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Natural Antibodies Can Prevent Adverse Immune Reactions

By LabMedica International staff writers
Posted on 11 Mar 2019
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Image: The structure of the third complement (C3) protein (Photo courtesy of Wikipedia).
Image: The structure of the third complement (C3) protein (Photo courtesy of Wikipedia).
Natural antibodies, in particular IgG, have been shown to be a critical factor that determines the efficiency of complement activation in different subjects and by different nanomaterials.

Deposition of complement factors (opsonization) on nanoparticles may promote clearance from the blood by macrophages and trigger pro-inflammatory responses, but the mechanisms regulating the efficiency of complement activation are poorly understood.

Opsonization is the molecular mechanism whereby molecules, microbes, or apoptotic cells are chemically modified to have stronger interactions with cell surface receptors on phagocytes and natural killer (NK cells). With the antigen coated in opsonins, binding to immune cells is greatly enhanced. Opsonization also mediates phagocytosis via signal cascades from cell surface receptors. Opsonins aid the immune system in a number of ways: in a healthy individual, they mark dead and dying self-cells for clearance by macrophages and neutrophils, activate complement proteins, and target cells for destruction through the action of NK cells.

Investigators at the University of Colorado (Aurora, CO, USA) previously found that opsonization of superparamagnetic iron oxide (SPIO) nanoworms with the third complement protein (C3) was dependent on the biomolecule corona of the nanoparticles. C3 is a molecule that plays a central role in the activation of the complement system, and its activation is required for both classical and alternative complement activation pathways. People with C3 deficiency are susceptible to bacterial infection.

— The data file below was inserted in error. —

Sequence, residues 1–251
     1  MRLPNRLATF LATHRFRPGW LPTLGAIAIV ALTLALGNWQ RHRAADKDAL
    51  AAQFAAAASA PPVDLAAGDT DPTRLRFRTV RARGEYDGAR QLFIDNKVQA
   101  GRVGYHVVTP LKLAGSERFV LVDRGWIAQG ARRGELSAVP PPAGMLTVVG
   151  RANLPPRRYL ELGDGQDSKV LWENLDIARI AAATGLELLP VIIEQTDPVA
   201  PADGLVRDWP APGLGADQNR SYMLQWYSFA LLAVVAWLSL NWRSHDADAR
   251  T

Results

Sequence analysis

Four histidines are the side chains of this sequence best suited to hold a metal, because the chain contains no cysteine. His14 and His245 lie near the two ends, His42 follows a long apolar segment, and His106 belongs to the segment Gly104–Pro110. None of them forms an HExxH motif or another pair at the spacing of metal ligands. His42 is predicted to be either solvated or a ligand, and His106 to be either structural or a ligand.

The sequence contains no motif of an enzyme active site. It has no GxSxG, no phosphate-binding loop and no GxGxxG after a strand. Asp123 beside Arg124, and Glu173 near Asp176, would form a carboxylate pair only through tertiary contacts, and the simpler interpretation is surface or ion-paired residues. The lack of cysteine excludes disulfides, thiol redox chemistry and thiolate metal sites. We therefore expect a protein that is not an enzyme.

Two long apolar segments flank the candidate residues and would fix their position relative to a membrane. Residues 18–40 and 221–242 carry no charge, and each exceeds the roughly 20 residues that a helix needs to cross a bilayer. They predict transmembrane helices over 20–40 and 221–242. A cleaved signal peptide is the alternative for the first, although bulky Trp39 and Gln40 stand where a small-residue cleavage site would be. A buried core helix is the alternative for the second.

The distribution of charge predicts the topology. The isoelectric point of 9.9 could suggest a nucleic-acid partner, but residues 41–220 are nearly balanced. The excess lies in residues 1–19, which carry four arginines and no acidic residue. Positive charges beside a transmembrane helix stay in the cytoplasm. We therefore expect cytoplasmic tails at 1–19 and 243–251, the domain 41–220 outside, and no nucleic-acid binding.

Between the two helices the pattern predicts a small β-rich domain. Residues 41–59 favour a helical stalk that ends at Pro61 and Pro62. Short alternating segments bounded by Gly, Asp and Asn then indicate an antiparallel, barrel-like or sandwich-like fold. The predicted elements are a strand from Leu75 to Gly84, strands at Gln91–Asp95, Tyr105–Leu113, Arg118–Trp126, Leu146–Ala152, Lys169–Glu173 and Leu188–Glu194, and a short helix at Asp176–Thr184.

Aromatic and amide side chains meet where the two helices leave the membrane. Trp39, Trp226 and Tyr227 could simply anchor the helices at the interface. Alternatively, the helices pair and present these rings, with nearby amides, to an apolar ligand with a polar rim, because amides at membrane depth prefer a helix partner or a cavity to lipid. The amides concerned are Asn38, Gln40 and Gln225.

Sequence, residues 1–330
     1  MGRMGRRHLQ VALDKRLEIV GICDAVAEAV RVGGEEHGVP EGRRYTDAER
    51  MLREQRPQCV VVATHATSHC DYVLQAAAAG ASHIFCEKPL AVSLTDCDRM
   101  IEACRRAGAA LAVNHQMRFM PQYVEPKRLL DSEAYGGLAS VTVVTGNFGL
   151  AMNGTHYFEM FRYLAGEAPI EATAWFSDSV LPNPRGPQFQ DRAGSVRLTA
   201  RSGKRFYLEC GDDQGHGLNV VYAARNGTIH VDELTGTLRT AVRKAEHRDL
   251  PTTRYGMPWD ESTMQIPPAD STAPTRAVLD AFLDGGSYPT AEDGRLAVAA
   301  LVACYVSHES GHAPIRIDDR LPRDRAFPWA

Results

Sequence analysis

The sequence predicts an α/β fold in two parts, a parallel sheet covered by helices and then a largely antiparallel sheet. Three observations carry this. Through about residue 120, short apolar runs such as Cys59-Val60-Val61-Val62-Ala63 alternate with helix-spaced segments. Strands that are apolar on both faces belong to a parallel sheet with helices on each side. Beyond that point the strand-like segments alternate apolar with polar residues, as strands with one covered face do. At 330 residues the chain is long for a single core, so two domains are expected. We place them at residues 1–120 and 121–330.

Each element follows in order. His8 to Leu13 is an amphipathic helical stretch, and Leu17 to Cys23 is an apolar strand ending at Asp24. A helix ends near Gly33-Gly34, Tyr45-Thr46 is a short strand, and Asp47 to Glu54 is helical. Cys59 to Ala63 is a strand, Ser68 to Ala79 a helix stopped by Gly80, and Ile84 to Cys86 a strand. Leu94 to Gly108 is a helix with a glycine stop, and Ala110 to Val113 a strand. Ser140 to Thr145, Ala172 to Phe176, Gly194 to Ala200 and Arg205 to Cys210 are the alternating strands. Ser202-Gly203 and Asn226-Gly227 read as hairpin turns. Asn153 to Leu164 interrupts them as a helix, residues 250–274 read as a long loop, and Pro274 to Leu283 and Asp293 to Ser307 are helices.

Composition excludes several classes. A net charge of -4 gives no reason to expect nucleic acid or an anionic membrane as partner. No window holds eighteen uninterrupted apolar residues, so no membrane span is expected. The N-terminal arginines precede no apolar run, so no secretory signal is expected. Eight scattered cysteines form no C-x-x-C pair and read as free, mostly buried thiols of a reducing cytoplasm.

In a paper published in the January 14, 2019, online edition of the journal Nature Nanotechnology, the investigators reported that binding of only a few immunoglobulin molecules, and specifically IgG, determined the efficiency of C3 deposition on nanomaterials introduced into the plasma and sera of healthy donors and in plasma of cancer patients, regardless of the complement activation pathway. Moreover, the presence of the biomolecule corona enhanced IgG binding to all tested nanomaterials.

“In all of the nanoparticles that we tested, complement activation was dependent on the binding of certain of these natural antibodies to nanoparticles,” said senior author Dr. Dmitri Simberg, associate professor of pharmaceutical sciences at the University of Colorado. “Interestingly, the antibodies bind to the proteins in the corona, rather than to the pristine nanoparticle surface itself. If a person has a high level of antibodies that can recognize a particular type of nanoparticle, this person will have high complement activation. The study gave us an exciting new angle on how the system recognizes nanomaterials. This knowledge step is important for designing a better coating so the particles can be more biocompatible and safer. I am a really big fan and proponent of mechanistic studies in the nanodrug delivery field that can guide us to better designs.”

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University of Colorado

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